This paper is about case presentations, and specifically about the problems of representation and misrepresentation that bedevil them when an analyst attempts to transmit what has happened inside the clinic to an audience outside it. After reviewing the status of clinical case presentations in psychoanalysis and the role of language in the clinic, I home in on three questions about the role of truth in the analytic process to show that there are three corresponding traps that an analyst keen to talk about their analysands falls into. This critique of the form and content of clinical case presentations in psychoanalytic meetings and publications is pitched from within a Lacanian frame of reference, a return to Freud which also attends to the cultural-historical shaping of our practice in training and public professional forums, and it demarcates a properly psychoanalytic approach to the clinic from psychiatric, psychological and psychotherapeutic conceptions of treatment and how it might be described to others.

Ian Parker is a practising psychoanalyst in Manchester, secretary of Manchester Psychoanalytic Matrix, and currently President of the College of Psychoanalysts – UK. His books on psychoanalysis include ‘Lacanian Psychoanalysis: Revolutions in Subjectivity’ (Routledge, 2011).

Seminar with Annie G. Rogers. 10.06.2017


Saturday 10 June 2017. 10:30 – 13:00
Carmelite Centre, Aungier Street, Dublin 2.
APPI Members: €20, Non Members: €25, Students: €10

Incandescent Alphabets – Art as a work of repair in psychosis.

Language changes in psychosis.

Words become the floating signifiers of a mad Other who takes up a place in speech.

Speech elements connect to nothing, have no meaning whatsoever, and disrupt the meaning that was unfolding.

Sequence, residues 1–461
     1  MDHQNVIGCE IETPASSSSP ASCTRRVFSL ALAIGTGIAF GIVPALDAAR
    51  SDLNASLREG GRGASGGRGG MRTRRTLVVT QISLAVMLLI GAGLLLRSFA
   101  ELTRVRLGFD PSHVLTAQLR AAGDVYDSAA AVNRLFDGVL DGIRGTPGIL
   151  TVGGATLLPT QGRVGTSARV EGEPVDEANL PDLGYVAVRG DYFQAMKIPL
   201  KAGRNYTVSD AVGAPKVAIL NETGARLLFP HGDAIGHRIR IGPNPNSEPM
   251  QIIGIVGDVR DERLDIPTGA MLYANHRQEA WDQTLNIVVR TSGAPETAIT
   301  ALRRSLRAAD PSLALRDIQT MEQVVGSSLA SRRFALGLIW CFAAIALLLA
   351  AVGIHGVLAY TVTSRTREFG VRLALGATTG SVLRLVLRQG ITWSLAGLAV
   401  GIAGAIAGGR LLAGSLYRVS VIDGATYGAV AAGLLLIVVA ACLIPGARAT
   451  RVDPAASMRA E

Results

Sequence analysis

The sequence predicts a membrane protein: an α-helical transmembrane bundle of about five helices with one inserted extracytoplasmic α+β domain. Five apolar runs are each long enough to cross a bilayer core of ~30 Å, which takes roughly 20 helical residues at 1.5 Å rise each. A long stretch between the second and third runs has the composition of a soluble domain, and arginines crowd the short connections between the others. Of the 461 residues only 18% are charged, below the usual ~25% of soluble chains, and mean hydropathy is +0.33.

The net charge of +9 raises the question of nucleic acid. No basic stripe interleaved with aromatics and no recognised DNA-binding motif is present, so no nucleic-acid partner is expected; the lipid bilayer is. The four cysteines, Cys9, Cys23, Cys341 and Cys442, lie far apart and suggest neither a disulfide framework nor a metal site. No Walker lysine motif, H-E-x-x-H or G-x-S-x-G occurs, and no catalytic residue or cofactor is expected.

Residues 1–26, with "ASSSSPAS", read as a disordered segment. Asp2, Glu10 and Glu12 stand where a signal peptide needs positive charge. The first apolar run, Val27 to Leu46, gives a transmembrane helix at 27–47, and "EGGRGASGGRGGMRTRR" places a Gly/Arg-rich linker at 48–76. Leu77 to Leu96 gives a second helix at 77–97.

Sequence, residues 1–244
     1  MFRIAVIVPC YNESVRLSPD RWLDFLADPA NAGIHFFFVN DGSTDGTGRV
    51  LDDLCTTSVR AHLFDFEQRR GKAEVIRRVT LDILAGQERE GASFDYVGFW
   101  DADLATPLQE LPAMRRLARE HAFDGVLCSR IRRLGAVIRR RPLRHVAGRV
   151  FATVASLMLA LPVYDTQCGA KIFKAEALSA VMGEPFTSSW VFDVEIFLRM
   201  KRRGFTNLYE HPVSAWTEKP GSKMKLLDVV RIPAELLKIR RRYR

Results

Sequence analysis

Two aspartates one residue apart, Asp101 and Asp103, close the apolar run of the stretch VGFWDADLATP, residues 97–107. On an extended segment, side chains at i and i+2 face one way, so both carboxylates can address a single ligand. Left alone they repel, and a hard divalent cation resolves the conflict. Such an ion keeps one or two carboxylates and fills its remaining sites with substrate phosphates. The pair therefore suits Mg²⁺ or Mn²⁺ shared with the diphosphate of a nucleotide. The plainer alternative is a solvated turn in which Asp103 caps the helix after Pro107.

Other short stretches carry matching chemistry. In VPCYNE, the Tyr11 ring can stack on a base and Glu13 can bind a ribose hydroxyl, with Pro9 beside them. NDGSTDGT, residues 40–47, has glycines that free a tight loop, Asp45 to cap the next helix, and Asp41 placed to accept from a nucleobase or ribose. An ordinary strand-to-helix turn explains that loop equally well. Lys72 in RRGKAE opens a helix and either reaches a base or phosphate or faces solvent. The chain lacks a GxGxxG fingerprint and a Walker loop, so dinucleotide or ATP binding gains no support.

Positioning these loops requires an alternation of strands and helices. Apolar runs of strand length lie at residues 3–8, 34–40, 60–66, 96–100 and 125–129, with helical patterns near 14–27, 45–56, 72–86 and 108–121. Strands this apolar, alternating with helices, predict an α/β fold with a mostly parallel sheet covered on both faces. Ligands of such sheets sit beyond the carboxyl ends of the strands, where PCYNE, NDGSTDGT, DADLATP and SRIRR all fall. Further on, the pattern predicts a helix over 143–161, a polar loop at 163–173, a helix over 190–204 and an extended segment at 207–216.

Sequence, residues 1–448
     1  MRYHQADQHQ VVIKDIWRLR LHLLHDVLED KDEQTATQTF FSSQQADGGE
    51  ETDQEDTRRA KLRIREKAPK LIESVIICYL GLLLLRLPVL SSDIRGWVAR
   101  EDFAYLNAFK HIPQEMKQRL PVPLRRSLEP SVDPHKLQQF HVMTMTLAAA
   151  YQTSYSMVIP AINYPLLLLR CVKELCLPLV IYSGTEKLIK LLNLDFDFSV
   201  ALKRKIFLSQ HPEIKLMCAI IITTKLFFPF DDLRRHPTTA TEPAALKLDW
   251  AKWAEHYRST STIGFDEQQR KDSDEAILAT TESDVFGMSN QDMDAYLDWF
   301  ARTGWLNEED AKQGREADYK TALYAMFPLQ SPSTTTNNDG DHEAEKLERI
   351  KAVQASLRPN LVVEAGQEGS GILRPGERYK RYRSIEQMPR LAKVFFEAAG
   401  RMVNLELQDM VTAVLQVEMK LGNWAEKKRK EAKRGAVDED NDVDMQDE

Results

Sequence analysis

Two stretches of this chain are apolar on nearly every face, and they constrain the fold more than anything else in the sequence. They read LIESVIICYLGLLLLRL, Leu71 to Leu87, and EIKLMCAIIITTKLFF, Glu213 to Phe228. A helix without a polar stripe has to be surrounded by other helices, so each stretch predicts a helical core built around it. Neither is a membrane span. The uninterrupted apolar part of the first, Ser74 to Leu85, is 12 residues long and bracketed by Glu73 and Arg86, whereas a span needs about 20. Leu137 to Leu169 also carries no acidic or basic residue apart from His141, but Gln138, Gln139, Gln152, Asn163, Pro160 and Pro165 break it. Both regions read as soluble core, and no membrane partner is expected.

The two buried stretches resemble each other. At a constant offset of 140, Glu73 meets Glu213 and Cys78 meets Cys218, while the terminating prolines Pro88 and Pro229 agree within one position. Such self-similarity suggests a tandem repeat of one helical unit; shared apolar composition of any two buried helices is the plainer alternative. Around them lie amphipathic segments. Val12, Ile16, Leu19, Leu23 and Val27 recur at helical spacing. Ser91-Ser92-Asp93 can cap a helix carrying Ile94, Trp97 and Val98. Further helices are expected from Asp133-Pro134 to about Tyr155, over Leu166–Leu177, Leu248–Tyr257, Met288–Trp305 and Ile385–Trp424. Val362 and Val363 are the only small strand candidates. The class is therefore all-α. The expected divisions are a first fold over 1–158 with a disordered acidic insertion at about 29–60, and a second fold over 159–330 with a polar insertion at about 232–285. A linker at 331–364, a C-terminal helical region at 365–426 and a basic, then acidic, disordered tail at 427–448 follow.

These elements, whether heard or spoken, are foreign to the speaker, and create a profound sense of disorder with respect to speaking. She cannot find her place in language. He questions if his thoughts are actually his, and concludes they are not.

How is it possible then to orientate oneself in language once language becomes a puzzling body of signs, bewildering signs without a code or key?

In response to the experience of language derailed, artists in psychosis make clocks, calendars, numbers, music, and scripts, the infinite unfolding of codes. The images of these artists attest to a work of repair through what I call “incandescent alphabets,” a new orientation in time, space and language. I argue that art made in psychosis shows us something of the intensity and beauty of the work of repairing language.

(Image above: Barbara Suckfüll, Untitled, 1910, Pencil, pen in blue ink on file, 33 x42 cm, Inv. No. 1956 verso © Sammlung Prinzhorn, Heidelberg, from Annie G. Rogers’ new book: ‘Incandescent Alphabets – Psychosis and the Enigma of Language’,  Karnac, 2016.)


Two presentations by Stijn Vanheule. 20.05.2017


Saturday 20 May 2017. 14:00 – 17:30
Carmelite Centre, Aungier Street, Dublin 2.
APPI Members: €20, Non Members: €25, Students: €10

Decline of the father function you said? On the Name-of-the-Father, the Father-of-the-Name and the Père-Version

In his later work Lacan redefined his concept of the father function. Whereas previously the father function is synonym to the operation of the paternal metaphor, which has the Name-of-the-Father as its central signifier, this is no longer the case from the 1970s onwards. From then, two other concepts pertaining to the role of the father come to the fore: the Father-of-the-Name and the Père-Version. Both imply modes of regulating jouissance that don’t build on prohibition. In this lecture Stijn Vanheule will explore Lacan’s three father concepts, situating them in terms of the Borromean link between the Real, the Symbolic and the Imaginary.